I am curious of how /var/cache/apt/archives/lock used in apt-get. I found out that it is a regular file and I think it is used by calling flock on it every time apt-get needs to make some changes to /var/cache/apt/archives.


Short answer is that apt is using fcntl to control lock files.

Depend on what you are doing different locks will be created by apt, let's consider sudo apt update which apt-pkg/update.cc is responsible of, and runs this condition before actually updating our sources lists:

if (Fetcher.GetLock(_config->FindDir("Dir::State::Lists")) == false)

Note that _config->FindDir("Dir::State::Lists") will return: /lists, you can find this out by running:

$ apt-config dump | grep lists
Dir::State::lists "lists/";

So GetLock() will creates a lock file in /var/lib/apt/lists/, and if I run an other sudo apt update process I'll get:

Reading package lists... Done
E: Could not get lock /var/lib/apt/lists/lock ...
E: Unable to lock directory /var/lib/apt/lists/

GetLock() itself lives here in apt-pkg/contrib/fileutl.cc:

Let's have a look at its comment:

// GetLock - Gets a lock file                       /*{{{*/
// ---------------------------------------------------------------------
/* This will create an empty file of the given name and lock it. Once this
   is done all other calls to GetLock in any other process will fail with
   -1. The return result is the fd of the file, the call should call
   close at some time. */

So next time when I run apt update this function instead of creating the lock file will returns -1 and our condition fails and we receive an error.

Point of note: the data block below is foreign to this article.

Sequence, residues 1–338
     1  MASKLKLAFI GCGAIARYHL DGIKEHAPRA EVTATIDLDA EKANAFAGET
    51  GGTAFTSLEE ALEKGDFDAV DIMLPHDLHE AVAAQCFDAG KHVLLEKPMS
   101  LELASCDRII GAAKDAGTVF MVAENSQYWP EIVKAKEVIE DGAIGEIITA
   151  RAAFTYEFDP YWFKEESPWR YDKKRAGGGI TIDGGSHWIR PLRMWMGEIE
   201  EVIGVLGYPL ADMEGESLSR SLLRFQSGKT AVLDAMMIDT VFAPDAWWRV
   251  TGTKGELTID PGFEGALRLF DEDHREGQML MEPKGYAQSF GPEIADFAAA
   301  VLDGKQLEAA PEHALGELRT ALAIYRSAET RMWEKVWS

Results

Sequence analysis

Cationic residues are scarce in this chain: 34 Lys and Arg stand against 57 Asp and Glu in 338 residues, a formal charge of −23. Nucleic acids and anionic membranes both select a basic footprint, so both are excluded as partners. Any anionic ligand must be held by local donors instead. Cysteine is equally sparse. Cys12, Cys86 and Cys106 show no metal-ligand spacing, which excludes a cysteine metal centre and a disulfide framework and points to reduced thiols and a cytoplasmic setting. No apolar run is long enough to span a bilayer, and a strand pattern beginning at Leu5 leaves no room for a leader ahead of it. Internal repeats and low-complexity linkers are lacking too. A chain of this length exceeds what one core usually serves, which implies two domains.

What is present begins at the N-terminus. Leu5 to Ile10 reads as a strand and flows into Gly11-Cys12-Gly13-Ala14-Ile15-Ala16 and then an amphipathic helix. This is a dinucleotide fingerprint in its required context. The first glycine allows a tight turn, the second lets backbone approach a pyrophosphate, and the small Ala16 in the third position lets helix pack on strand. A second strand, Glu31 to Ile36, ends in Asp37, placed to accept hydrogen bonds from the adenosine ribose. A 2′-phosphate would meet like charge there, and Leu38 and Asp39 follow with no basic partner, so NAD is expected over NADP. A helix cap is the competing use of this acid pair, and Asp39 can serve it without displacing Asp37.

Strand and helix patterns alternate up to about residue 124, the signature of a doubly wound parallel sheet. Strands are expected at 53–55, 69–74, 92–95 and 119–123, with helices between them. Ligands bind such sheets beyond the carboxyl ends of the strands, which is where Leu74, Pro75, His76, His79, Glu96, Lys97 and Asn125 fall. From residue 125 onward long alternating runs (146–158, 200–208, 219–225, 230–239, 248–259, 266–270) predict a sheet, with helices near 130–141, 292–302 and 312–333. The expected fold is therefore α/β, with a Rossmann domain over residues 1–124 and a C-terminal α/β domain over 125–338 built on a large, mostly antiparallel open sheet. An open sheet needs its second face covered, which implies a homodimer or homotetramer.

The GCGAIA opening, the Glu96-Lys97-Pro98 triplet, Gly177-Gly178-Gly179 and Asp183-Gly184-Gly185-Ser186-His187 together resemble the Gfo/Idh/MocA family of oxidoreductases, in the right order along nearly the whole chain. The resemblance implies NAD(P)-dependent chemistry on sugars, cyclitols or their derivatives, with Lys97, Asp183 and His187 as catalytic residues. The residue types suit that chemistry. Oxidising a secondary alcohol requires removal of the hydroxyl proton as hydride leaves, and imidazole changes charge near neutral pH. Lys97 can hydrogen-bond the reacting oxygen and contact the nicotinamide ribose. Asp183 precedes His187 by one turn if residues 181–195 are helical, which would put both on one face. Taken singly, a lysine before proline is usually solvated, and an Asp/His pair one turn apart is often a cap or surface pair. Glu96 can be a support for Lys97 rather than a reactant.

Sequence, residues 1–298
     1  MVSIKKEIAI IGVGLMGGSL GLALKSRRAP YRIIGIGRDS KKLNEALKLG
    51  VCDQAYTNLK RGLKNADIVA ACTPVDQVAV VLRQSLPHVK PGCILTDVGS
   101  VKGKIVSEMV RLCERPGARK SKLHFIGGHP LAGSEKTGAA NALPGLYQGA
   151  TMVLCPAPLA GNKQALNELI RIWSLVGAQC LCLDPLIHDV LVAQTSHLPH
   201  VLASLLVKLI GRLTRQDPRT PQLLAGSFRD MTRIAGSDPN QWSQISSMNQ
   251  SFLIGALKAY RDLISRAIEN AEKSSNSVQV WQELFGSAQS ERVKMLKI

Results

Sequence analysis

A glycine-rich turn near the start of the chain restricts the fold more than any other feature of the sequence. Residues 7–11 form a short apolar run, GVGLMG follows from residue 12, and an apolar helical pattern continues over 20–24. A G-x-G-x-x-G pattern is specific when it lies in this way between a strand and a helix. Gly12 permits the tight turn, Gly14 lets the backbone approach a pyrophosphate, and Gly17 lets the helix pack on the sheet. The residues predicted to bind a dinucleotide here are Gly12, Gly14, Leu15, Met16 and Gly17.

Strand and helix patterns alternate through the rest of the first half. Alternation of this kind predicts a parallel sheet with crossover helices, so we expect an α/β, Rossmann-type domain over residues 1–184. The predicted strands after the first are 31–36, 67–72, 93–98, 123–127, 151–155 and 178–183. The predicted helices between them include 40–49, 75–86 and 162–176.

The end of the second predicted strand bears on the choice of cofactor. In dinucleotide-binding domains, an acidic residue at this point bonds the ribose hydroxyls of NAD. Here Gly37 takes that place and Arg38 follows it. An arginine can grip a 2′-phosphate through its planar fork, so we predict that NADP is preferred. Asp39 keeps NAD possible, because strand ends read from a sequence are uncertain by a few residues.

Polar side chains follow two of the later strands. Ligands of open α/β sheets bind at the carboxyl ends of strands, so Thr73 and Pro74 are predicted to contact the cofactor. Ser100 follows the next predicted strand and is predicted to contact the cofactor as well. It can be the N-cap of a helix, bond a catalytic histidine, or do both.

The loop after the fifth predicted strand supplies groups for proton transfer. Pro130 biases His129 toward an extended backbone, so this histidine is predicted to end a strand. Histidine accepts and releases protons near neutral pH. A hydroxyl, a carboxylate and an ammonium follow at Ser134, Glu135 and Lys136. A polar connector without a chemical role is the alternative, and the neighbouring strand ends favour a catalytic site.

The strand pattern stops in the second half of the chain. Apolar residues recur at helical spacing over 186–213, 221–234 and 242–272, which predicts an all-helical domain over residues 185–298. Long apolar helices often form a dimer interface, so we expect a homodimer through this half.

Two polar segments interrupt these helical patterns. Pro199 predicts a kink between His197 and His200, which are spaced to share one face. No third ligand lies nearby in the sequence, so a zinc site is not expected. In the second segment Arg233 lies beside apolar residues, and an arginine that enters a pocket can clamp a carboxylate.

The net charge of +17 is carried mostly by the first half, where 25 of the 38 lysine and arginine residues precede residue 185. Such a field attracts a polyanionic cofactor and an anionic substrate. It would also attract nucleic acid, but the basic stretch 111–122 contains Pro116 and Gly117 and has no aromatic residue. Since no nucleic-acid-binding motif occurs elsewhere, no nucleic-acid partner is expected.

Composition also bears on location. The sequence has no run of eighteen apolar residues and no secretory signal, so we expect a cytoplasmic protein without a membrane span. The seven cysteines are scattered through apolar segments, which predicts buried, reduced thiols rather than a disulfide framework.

If we look into the codes of GetLock we can see that it's using fcntl to provide its functionalities.

Basically fileutl.cc is a file utility containing two main function, which defines GetLock as "dpkg compatible lock file manipulation" method.

fcntl itself provides a bunch of system calls to manipulate file descriptors. One of the functionalities which is being provided by fcntl is "POSIX record locks, also known as process-associated locks":

man 2 fcntl

And I'm sure you already know the idea behind using lock files, but to make sure everyone who comes here knows about it:

What is the purpose of lock file?

  • So /var/cache/apt/archives/lock are not used?
    – JiaHao Xu
    Sep 21 '18 at 13:30
  • @JiaHaoXu Yes, it's being used... but apt does not uses flock to manage the lock process. it has it's own functions which are using fcntl.
    – Ravexina
    Sep 21 '18 at 13:34
  • @ Ravexina I see... And can you explain how it is being used?
    – JiaHao Xu
    Sep 21 '18 at 13:48
  • @JiaHaoXu I think I already mentioned all necessary parts, you have to read the sources to find out what exactly happening here. What are you looking for? so we can help you exactly with that.
    – Ravexina
    Sep 21 '18 at 13:54
  • Sorry I didn't read that article.
    – JiaHao Xu
    Sep 21 '18 at 14:03

Apt and dpkg use lockfiles (in /var/lib/, not /var/cache) to ensure that package management actions and the package database are correctly in sync.

This means that if you install or remove the a package (like the hello package), the package database will be accurate, and your package manager will properly show the correct status of the package.

There are several possible solutions to ensure that package management actions and the package database are in sync. Lockfiles are the solution that the apt developers have chosen...mostly because it is a solution that is simple, easy to troubleshoot, and easy to understand.

  • He is asking how it's being done behind the scene I guess, he already should know the why...
    – Ravexina
    Sep 21 '18 at 12:47
  • So what does /var/cache/apt/archives/lock actually do?
    – JiaHao Xu
    Sep 21 '18 at 13:30
  • @Ravexina seems a lot like an XY Problem question, so maybe knows the why...but maybe not.
    – user535733
    Sep 21 '18 at 15:53

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